It's quite possible that you don't have any specific preference when it comes to socially-responsible investing. You simply don't want to support any company that might be viewed as doing something bad while owning as diverse a portfolio as possible. That's a pretty big picture view of things, but not unreasonable.

For this investors should look into index fund iShares MSCI KLD 400 Social ETF (NYSEMKT: DSI). The fund, as its name implies, owns roughly 400 U.S. stocks. The first step for the fund is to screen out companies that are involved in alcohol, gambling, tobacco, military weapons, civilian firearms, nuclear power, genetically modified foods (GMOs), and adult entertainment. Next it removes companies for which MSCI doesn't have an ESG score or that are in the middle of some sort of controversy. Finally some weighting limits to ensure a diversified portfolio are applied to come up with the final list (which must be at least 400 names). The fund's expense ratio is 0.25%.

This is one of the largest socially responsible ETFs available and it has been around a long time. That said, the fund slightly lagged the S&P over the trailing three-, five-, and 10-year periods through year end 2018. However, with a 10-year return of 12.5%, it's hard to complain. And the roughly 60 basis point lag will probably be worth the cost for most socially-conscious investors.

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2. Only the best

If 400 stocks is too many for your taste, or you would rather hone in on just the most socially-conscious names, then you'll probably prefer iShares MSCI U.S.A. ESG Select ETF (NYSEMKT: SUSA). Like it's larger sibling, it is focused on U.S. companies and screens out key "sin" industries. From there, it takes the final list and includes only the 100 or so top ESG rated companies. The best of the best, if you will.

The expense ratio of this fund is 0.25%. Like its larger cousin, iShares MSCI U.S.A. ESG Select ETF lagged the S&P 500 index over the trailing three-, five-, and 10-year periods through year end 2018. That said, the roughly 1 percentage point (or 100 basis point) variance over the 10-year period was more material. If you value ESG principles over return, however, it still might be an interesting option since it hones in on those companies with the best ESG scores... And a 12.15% annualized return is still pretty good, historically speaking, in the stock market.

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3. Some international flare

So with two ways of slicing up the broad U.S. market, what about foreign stocks? For that a good place to start is iShares ESG MSCI EAFE ETF (NYSEMKT: ESGD). This ETF is focused on equities from Europe, Australia, Asia, and the Far East. Essentially it provides exposure to developed markets outside the United States and Canada.

There are some notable differences between iShares ESG MSCI EAFE ETF and its U.S.-based brethren. The ESG screen used for this fund culls out civilian firearms, controversial weapons, and tobacco, a much less stringent set of criteria. Companies involved in major controversies are then removed. After that some weighting guidelines are imposed to ensure a diversified portfolio. The roster of names in the index sat at around 450 at the end of 2018. That said, this is a relatively new fund so there's limited performance history. If you buy this fund you are doing so based only on its ESG investment approach. You'll have to keep track of its relative performance versus developed market index funds as it builds a longer performance record. The expense ratio is 0.20%.

ALSO READ: 3 Top International ETFs for 2019 and Beyond

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4. The smaller foreign markets

Now that the big foreign markets are covered, what about the smaller ones? For that you should look at iShares ESG MSCI EM ETF (NYSEMKT: ESGE), with the "EM" in the name standing for emerging markets. The fund's basic goal is to track ESG companies from developing foreign markets that would not be included in the iShares ESG MSCI EAFE ETF. Emerging markets can be quite volatile, but are viewed as offering more opportunity for long-term growth.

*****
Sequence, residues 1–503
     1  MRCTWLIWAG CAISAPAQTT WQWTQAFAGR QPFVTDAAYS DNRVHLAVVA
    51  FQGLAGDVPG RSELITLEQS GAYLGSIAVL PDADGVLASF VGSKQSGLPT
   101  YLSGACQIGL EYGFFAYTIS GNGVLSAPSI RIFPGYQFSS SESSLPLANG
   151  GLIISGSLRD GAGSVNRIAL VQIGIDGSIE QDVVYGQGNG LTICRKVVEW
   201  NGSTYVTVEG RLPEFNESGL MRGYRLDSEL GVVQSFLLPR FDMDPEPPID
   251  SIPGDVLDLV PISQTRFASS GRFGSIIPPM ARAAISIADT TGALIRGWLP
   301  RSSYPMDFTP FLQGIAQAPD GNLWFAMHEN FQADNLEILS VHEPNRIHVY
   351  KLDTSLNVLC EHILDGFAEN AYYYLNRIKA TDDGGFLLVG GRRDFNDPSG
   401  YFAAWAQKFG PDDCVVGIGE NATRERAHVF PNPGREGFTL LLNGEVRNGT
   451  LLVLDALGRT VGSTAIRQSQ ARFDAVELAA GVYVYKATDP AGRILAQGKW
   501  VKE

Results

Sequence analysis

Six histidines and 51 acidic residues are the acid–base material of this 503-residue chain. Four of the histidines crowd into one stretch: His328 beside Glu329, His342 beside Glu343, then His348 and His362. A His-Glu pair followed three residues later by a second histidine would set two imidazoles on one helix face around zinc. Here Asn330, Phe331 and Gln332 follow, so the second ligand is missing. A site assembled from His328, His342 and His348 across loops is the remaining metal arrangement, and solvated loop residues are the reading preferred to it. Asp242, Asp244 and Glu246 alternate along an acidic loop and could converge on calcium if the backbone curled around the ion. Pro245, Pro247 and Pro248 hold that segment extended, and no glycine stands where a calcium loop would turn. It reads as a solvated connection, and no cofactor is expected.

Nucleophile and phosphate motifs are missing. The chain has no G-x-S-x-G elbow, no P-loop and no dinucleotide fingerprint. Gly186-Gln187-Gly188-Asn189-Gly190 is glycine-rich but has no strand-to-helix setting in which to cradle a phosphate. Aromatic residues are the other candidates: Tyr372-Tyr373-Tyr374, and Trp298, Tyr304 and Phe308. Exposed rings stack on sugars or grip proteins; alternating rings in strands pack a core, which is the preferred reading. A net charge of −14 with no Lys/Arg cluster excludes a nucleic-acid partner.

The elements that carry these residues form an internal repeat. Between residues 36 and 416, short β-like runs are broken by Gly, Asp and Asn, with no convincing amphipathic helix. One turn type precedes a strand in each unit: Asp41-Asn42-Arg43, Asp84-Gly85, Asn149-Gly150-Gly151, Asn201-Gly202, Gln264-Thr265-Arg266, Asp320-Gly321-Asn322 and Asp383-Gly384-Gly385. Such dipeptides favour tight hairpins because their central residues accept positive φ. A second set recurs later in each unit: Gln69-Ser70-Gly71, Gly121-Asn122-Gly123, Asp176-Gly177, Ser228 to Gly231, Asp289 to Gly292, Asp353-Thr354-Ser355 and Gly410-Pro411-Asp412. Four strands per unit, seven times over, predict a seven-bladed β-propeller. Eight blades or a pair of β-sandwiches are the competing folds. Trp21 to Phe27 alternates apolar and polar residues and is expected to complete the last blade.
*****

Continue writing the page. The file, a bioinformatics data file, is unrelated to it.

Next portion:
This fund screens out companies involved in civilian firearms, controversial weapons, and tobacco and then pulls companies involved in major controversies from the list. Roughly 300 companies made the final cut, as of early 2019. The expense ratio is 0.25%. A relatively new fund, there's not a whole lot of history go on here, so investors are buying it largely because of its ESG focus. That said, including an emerging markets fund in a broader portfolio helps to increase diversification and long-term growth potential. So strongly consider at least a little exposure to this, or a similar, fund.

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5. Adding some bonds to the mix

Stocks aren't the only category being screened with ESG criteria, which is good since a balanced portfolio should ideally include some fixed-income investments. That's where iShares ESG U.S. Aggregate Bond ETF (NYSEMKT: EAGG) can lend a helping hand. This fund focuses on U.S. dollar based bonds issued by investment grade corporations.

Like the foreign ETFs noted above, iShares ESG U.S. Aggregate Bond ETF follows the slightly less stringent criteria of removing only those companies involved in civilian firearms, controversial weapons, and tobacco from consideration. It then pulls any companies involved in major controversies. The fund's goal is to provide broad exposure to the bond market, so it doesn't limit itself to any maturity profile -- it owns bonds with maturities from one to two years (short term bonds) all the way up to 20+ years (long-term bonds). It's effectively an all in one, U.S.-dollar focused offering. The final portfolio is adjusted by a number of weighting methods to ensure adequate diversification. The expense ratio is 0.11%.

The fund has only been around since Oct. 2018, so, once again, investors are buying the ETF based mostly on its ESG bonafides and not on its virtually non-existent track record. That said, if you want to add bonds to your ESG portfolio, this is by far one of the largest funds available that will allow you to do so. 

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6. Staying short

Although there's nothing wrong with a broad-based and well-diversified bond fund, some investors prefer to stay at the shorter end of the maturity spectrum. Such options are often described as short-to-intermediate-term bond funds. There are two general reasons for buying such a fund: Shorter maturity bonds are generally less impacted by interest rate changes and with less time until maturity there's generally assumed to be less risk of a company blowing up and defaulting on a loan. Short- and intermediate-term bond funds are the types of bond funds that conservative investors like.